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behaviour of "new" on bad_alloc

behaviour of "new" on bad_alloc

behaviour of "new" on bad_alloc

(OP)
Hello!

I am trying to make sure that I clean up and free all the resources that I allocate in my code.

In the following code, I am assuming that if new throws bad_alloc, than the value of array1 or array2 is unmodified,
that is, they remain NULL.
In this case, if allocation of array1 succeeds, and allocation of array2 fails, then array1 will be deallocated.
What if new dows modify the value of the int* array2 even if second allocation does fail? Then I will call delete on a value that is undefined!!

I tried this code in Ubuntu using gcc, and when the second allocation fails, then array2 remains NULL, so there is no danger. But is this true for all compilers and systems?
I don't really know what the standard days.


class TwoIntArrays
{
public:
 TwoIntArrays();
 ~TwoIntArrays();

private:
 void free_resorces();
 int* array1;
 int* array2;
};

TwoIntArrays::TwoIntArrays()
{
 array1 = NULL;
 array2 = NULL;
 try{
      array1 = new int[200000];
      array2 = new int[1000000000];
    }
    catch(bad_alloc&)
      {
    free_arrays();
    throw;
      }
}

~TwoIntArrays()
  {
    free_arrays();
  }

void free_arrays()
  {
    delete array1;
    delete array2;
  }


Thank you in advance.
Simbasaurus.

RE: behaviour of "new" on bad_alloc

How can new return a value if it throws an exception?  It can only do one or the other, not both.

Since you are calling free_arrays() in your destructor, why bother calling it in your catch block and then rethrowing the exception?  Since free_arrays() isn't setting the pointers to NULL after it deletes them, your program will crash when free_arrays() is called twice (once in the constructor, and again in the destructor).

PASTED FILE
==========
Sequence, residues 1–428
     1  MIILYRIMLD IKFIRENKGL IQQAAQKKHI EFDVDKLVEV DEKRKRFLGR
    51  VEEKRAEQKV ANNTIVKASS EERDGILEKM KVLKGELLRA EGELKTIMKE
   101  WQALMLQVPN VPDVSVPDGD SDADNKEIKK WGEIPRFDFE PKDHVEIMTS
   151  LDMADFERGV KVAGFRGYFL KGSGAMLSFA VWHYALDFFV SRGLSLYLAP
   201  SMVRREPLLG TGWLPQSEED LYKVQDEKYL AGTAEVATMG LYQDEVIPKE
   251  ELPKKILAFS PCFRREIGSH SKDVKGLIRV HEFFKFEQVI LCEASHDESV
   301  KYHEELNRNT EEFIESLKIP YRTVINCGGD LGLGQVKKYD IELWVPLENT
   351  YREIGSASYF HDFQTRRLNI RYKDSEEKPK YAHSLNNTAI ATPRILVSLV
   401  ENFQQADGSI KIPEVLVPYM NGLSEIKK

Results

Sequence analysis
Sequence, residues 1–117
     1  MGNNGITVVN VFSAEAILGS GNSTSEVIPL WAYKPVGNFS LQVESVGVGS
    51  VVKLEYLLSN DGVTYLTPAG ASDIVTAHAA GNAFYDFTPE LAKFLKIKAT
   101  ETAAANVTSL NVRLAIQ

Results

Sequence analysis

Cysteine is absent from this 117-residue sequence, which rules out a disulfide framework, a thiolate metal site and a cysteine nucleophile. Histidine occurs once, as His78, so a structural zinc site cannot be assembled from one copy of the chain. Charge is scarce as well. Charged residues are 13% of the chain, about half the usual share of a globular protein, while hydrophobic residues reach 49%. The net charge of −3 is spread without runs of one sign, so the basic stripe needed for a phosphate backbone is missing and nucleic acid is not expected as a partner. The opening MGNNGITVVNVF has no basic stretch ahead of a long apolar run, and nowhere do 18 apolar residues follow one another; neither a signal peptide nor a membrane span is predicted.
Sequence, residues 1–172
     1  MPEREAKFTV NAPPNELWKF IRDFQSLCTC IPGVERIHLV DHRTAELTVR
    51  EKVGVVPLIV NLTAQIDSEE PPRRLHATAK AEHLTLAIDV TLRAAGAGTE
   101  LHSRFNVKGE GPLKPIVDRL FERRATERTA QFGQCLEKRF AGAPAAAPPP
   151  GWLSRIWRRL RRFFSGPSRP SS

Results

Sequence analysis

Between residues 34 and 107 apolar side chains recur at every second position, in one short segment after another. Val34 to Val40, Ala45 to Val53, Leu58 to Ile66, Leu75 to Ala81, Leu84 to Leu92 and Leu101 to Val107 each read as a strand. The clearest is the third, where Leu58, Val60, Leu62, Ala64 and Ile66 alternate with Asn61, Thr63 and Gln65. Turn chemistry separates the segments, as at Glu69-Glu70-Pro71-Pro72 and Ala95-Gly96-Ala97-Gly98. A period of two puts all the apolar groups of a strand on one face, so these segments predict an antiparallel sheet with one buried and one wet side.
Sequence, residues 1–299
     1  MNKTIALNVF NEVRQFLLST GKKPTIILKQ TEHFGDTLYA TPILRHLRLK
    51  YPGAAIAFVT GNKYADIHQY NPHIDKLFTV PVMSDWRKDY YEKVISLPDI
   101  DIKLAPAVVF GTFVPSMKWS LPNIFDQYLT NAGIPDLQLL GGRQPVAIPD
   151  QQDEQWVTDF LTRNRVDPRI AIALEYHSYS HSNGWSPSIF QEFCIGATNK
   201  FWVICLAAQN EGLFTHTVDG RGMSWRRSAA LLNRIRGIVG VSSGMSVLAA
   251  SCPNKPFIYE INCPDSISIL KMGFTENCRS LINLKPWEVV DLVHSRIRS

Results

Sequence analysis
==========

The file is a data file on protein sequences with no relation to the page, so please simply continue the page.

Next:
RE: behaviour of "new" on bad_alloc

Your code is correct and should work on all standards compliant compilers except for one small error: you should use delete[] instead of delete.

CODE

void free_arrays()
  {
    delete [] array1;
    delete [] array2;
  }

Quote (cpjust):

Since you are calling free_arrays() in your destructor, why bother calling it in your catch block and then rethrowing the exception?
The destructor won't be called if an exception is thrown from the constructor, so you have to call free_array and you don't have to worry about deleting twice in this particular instance. Still, it is a good idea to set the pointers to null in free_array() in case it is called from somewhere else in your code.

I would say that the best solution to this is to use smart pointers. For a dynamic array, the best one is usually vector. In fact, there is rarely if ever a good reason to use a plain dynamic array over a vector. If you used vector, you wouldn't need a destructor, you wouldn't need a try/catch block, you wouldn't need free_array, and you wouldn't need explicit copy construction and copy assignment (which your current code lacks by the way).

Your class would be reduced to this:

CODE

#include <vector>

class TwoIntArrays
{
public:
 TwoIntArrays();

private:
 std::vector<int> array1;
 std::vector<int> array2;
};

TwoIntArrays::TwoIntArrays() : array1(200000), array2(1000000000)
{
}

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